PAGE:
Before I begin going into the topic of this post, I would like to straighten out a few details regarding the title. The plural form of ‘octopus’ is actually ‘octopuses’. It is the most common form and is the most widely accepted. ‘Octopi’ is objectionable in some cases and is not always listed as being a correct plural form. However, I do prefer the way this title rolls off the tongue, despite the possibility of it being incorrect. Enough of this rambling, now into the post…
Take a good look at the things around you. What do you see? Cars have 5-star safety ratings, we are trying to eliminate global terrorism, there are warning labels on almost every food, playgrounds are to be removed from some schools, that little bump in the sidewalk is painted yellow. There are so many things out there to try to minimize the risk that we are exposed to every day. Now imagine these things in nature. On your hike through the woods, there are fences on the sides of the trails to keep creatures out, roots and rocks are painted bright colours or removed completely, signs warn you of what might be unexpected around the next bend in the trail. It all sounds a little ridiculous, but that is what our society is moving towards. We try to minimize the risk that we are exposed to in almost every way. We are striving for perfection.
Looking at nature, we are going at all of this the wrong way. Adaptation by organisms, such as the octopus, carry no goal of perfection. Trying to eliminate risk in our lives is like trying to eliminate predation in nature. It is a bit of a ridiculous concept. The relationships that have developed in nature over the last millions of years come from adaptations to hostile interactions. They have created symbiotic relationships that work! The octopus is a good example. It has multiple solutions to deal with the problems that it is faced with. For the octopus, when there is trouble, there is no one right way to deal with it. The octopus expects the unexpected!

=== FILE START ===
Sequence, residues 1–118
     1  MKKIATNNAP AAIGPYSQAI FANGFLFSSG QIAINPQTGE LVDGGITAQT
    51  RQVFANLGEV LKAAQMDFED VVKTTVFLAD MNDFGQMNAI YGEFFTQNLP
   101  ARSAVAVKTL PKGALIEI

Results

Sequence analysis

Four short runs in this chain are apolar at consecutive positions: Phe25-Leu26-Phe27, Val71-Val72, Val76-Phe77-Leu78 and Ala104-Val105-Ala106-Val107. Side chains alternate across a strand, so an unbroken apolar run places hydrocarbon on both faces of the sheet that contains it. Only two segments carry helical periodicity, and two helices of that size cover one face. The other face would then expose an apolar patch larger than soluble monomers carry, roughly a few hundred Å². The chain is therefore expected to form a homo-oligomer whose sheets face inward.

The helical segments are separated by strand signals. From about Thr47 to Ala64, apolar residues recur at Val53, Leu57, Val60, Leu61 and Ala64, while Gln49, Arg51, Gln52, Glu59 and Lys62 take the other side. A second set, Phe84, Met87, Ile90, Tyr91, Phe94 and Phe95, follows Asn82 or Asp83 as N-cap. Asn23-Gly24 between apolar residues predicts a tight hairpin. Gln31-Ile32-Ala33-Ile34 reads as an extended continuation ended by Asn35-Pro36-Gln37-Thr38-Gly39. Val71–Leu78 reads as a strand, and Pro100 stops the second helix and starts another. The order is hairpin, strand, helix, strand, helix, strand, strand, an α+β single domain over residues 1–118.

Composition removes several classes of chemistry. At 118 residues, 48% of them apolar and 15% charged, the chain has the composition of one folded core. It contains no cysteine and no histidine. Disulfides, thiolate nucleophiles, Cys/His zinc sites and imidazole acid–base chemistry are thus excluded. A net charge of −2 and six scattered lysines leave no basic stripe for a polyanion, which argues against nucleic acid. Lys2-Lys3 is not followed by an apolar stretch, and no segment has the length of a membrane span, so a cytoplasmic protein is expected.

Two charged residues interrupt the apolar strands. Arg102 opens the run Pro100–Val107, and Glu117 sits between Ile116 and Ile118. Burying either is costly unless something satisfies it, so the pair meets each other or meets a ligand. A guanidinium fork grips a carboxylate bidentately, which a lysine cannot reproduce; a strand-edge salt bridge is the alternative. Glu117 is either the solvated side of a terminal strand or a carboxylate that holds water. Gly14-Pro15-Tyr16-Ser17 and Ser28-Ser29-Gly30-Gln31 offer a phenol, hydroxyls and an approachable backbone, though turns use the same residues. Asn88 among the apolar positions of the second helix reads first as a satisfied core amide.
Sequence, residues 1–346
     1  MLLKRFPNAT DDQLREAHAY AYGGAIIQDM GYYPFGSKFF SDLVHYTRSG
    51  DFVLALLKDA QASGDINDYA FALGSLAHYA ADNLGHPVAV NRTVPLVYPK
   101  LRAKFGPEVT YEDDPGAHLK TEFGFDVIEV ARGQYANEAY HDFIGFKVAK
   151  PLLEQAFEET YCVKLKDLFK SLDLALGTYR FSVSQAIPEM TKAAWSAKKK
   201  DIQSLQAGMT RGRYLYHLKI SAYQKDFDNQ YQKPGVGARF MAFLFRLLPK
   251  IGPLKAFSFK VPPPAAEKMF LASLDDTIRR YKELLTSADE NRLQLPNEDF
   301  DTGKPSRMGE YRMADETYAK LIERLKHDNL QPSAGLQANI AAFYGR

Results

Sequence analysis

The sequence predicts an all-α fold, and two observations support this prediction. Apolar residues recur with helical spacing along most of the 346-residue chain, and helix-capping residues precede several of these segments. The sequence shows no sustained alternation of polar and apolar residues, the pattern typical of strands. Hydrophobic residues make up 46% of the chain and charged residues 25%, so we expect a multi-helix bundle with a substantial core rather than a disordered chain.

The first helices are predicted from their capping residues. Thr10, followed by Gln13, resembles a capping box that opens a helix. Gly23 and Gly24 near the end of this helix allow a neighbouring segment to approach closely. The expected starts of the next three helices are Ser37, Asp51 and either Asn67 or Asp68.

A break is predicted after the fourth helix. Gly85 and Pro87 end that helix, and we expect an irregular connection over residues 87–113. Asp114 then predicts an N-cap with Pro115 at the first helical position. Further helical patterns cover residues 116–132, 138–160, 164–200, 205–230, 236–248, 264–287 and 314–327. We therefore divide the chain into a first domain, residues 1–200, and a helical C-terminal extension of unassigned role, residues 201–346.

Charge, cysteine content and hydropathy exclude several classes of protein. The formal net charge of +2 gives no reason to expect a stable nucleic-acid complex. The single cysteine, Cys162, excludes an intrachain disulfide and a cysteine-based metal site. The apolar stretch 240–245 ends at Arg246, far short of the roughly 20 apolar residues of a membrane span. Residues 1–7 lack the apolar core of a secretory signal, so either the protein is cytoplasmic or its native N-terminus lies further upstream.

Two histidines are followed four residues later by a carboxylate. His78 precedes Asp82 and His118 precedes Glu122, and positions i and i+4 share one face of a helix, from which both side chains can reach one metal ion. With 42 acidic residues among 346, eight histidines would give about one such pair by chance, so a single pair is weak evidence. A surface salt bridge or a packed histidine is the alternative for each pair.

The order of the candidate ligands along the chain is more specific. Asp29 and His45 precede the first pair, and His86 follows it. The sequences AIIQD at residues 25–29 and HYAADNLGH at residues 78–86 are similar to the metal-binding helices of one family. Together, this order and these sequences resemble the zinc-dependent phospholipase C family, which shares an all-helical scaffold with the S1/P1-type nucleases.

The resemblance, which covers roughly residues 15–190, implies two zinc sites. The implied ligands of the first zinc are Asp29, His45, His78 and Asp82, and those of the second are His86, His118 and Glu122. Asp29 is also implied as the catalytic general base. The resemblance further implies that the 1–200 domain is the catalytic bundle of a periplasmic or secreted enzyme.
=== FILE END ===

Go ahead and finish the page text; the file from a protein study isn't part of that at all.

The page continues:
This exposure to risk has the possibility to be dangerous. However, it keeps us alive, makes us think for ourselves, helps us to deal with everyday problems and is what makes being human exciting. For all of us big kids, we grew up with this exposure to risk in our lives. I know that I occasionally got hurt, but that is how I learned about the world. It was all trial and error. I think that this exposure to natural risk has made me into a well-rounded individual. I feel I can make solid decisions in all aspect of my life. What will things be like without that exposure to natural spaces and risk? Striving to perfect our environment is taking away from a lot of the things that we all grew up with. Youth now have a lot less exposure to a lot of the things we remember about being a kid. I will give you a quote from a blog entry about how children should exercise. It has multiple meanings and we can all take learning from it:
“Kids do dangerous things as a rule. They ride skateboards and make jumps. They climb trees and fall from them – sometimes on purpose to “see what happens.” They play football, get in scuffles, and make hairpin turns at breakneck speeds while dribbling a ball (with either hands or feet). Sports are dangerous, sure, but so is just about anything you do involving your body and the laws of physics. Let them figure it out. You’ll be there if something goes wrong.”
I say to embrace risk in your life and let others do the same. Let us stop trying to perfect our world. It just cannot be done. Instead, let us all learn to live with the risks we are faced with. Everything from finances and work to exercise and play. Take from the octopus, and have multiple solutions to our problems. I like to embrace risk in my life. It is exciting, and is how nature has dealt with problems for millions of years.
April is G.O. month. What does that mean? I think you should just G.O.! (For those of you who don’t want to click on this link, it stands for ‘Get Outside’). Here are some ideas to get started:
- Start a garden
- Organize a neighbourhood clean-up
- Join a walking/running group
- Host a BBQ
- Help out at a local farm
- Volunteer for a nature group
- Go camping (Not RVing)
- Play in the mud!
Now for this week’s idea: Stop avoiding things that may seem a little dangerous, and do something ‘risky’! Remember to emulate octopi (or octopuses). Stop trying to eliminate risk in your life and learn to live with it. It will make things more exciting as well as making life easier. Risk cannot be eliminated and, in learning from one of the most well-adapted organisms on this planet, don’t try to.
Don’t forget to share your thoughts on how you live with risk in the comments section below!